Saltwater is water that's found either in an ocean or sea. While the many oceans and seas of the world are indeed home to a mind-boggling diverse selection of animals, you can count frogs out from that category. Their youngsters, which are known as tadpoles, also don't inhabit oceans.
Saltwater and Frogs
Frogs generally cannot handle living in saltwater environments. The salinity in frogs' blood and cells isn't as densely packed as it is in saltwater. If a frog lived in saltwater, the water would quickly spread over them. This, in turn, would bring upon their dehydration. The danger of dehydration would also combine with another serious problem -- salt distributing all throughout the frog's insides to a poisonous degree. Because of these factors, saltwater is a big no-no for the vast majority of frogs in existence.
Crab-eating frogs (Fejervarya cancrivora) are one of the sole anomalies to the problem of frogs living in saltwater. The wee southeastern Asian amphibians reside in water that indeed has some salt in it. Crab-eating frogs differ from the bulk of frogs in that their bodies don't expel ammonia. Their bodies store the chemical compound urea, which raises their density of ions. This storage then minimizes how much H20 exits their skin. This stops crab-eating frogs from experiencing dehydration in saltwater. A couple other types of frogs can also occasionally manage in brackish settings, including both African clawed frogs (Xenopus laevis) and southern leopard frogs (Lithobates sphenocephalus).
Apart from the aforementioned few deviations, frogs in general cannot survive life in saltwater -- or even close to it. Most frogs have to stay in freshwater. If they for any reason are put into saltwater, they usually die within a couple hours or so. This also applies to salamanders, their fellow amphibians.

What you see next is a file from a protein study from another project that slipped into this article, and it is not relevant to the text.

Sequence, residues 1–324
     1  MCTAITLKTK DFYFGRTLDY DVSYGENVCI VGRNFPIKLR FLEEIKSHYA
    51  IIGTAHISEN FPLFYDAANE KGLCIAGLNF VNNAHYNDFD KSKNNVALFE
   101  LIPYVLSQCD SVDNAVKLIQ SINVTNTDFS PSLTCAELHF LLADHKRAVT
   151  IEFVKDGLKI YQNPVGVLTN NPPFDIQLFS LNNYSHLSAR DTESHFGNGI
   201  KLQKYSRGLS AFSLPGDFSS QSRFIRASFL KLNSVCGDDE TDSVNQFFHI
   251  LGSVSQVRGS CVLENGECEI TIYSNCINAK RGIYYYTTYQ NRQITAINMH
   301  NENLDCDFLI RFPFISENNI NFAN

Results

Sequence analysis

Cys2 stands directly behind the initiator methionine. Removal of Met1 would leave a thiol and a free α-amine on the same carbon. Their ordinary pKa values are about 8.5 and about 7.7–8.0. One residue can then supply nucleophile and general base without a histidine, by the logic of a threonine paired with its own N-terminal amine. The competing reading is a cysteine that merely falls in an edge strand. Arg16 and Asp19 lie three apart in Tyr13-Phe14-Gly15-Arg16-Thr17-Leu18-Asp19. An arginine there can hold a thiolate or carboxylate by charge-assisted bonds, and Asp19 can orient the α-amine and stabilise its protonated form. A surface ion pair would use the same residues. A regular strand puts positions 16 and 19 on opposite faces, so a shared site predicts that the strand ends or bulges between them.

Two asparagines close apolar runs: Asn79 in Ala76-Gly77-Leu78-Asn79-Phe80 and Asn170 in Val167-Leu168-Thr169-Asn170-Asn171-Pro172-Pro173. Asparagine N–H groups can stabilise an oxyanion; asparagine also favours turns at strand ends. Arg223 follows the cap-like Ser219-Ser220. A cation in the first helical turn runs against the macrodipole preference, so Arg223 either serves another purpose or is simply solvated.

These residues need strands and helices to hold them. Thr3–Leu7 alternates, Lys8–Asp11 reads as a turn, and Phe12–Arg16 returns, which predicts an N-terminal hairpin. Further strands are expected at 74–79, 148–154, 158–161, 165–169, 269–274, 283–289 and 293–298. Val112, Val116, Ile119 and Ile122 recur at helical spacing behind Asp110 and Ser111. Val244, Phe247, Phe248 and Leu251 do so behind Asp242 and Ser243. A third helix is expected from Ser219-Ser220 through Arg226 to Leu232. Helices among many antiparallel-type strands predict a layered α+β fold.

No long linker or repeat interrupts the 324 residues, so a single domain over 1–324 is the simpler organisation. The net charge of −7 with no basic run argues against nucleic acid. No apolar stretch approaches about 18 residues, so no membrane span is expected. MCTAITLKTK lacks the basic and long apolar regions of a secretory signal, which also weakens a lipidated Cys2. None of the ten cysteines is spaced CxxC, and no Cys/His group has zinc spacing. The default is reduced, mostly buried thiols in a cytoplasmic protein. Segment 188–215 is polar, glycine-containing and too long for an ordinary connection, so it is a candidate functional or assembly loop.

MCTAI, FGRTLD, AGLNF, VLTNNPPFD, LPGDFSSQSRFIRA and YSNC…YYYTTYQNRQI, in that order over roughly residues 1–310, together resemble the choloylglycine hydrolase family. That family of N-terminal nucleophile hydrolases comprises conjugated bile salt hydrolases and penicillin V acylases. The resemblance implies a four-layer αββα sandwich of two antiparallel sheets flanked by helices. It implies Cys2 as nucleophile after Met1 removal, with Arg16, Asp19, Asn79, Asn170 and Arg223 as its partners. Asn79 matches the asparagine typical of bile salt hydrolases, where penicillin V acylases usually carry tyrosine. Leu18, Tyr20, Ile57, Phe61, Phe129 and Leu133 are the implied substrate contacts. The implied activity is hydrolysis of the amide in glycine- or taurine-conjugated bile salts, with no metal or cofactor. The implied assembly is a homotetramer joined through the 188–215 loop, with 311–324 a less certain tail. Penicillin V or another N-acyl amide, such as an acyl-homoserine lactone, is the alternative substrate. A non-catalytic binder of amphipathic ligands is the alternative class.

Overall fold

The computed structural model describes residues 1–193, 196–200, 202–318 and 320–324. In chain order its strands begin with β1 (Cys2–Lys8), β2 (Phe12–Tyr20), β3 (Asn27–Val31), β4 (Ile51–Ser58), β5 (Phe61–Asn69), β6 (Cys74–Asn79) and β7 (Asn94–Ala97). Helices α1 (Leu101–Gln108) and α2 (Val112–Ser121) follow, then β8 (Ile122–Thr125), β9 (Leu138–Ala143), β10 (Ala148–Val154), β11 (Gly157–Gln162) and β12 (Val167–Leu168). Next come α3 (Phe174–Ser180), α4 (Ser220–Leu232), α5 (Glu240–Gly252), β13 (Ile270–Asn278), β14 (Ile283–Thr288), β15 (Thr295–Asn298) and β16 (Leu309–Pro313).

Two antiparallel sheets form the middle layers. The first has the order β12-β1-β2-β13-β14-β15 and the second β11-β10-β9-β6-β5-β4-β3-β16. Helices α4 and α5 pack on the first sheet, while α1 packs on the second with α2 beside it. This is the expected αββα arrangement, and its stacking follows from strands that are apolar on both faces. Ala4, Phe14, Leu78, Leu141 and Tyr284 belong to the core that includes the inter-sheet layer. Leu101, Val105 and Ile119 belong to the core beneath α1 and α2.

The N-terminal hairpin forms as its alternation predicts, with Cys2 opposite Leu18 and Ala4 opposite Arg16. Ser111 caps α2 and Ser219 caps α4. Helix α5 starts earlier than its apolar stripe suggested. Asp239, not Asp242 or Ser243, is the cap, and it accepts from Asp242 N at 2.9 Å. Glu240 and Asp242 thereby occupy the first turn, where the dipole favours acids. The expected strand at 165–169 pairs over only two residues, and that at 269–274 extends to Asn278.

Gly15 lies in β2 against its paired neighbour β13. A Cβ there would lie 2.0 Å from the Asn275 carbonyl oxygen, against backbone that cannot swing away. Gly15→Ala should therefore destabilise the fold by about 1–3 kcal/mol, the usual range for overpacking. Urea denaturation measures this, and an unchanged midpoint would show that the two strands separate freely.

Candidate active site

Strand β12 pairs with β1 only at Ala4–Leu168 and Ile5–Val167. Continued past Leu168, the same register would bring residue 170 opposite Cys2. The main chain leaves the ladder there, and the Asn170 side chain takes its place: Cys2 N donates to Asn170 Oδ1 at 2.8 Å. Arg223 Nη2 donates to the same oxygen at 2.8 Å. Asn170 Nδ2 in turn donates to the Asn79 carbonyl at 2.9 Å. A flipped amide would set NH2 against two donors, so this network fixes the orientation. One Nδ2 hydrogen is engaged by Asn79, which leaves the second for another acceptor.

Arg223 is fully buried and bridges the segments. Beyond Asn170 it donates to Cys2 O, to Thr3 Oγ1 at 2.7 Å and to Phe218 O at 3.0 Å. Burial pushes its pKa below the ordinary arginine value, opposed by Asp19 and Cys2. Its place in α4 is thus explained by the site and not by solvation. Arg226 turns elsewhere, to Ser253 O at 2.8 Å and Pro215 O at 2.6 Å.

Where Frogs Live
If you see a frog living in an aquatic environment, there's a good chance it's freshwater. The critters are extremely common in many different habitats. Many of them inhabit areas by streams, creeks and lakes, for example. Aquatic locales ensure that their skin remains damp, which is vital for their well-being. Frogs are also widespread in wetland environments. They're often spotted roaming around on dry land, too. Frogs are diverse and can be found in most types of settings. Some of them are even seen in deserts.
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- The Life Cycle of a Frog; Bobbie Kalman and Kathryn Smithyman
- Biology of Amphibia; Dev Raj Khanna and P. R. Yadav
- Animal Physiology; Knut Schmidt-Nielsen
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- Animal Planet: Frog
- San Diego Zoo Animals: Frog & Toad
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- Frogs - A Chorus of Colors; John L. Behler and Deborah A. Behler
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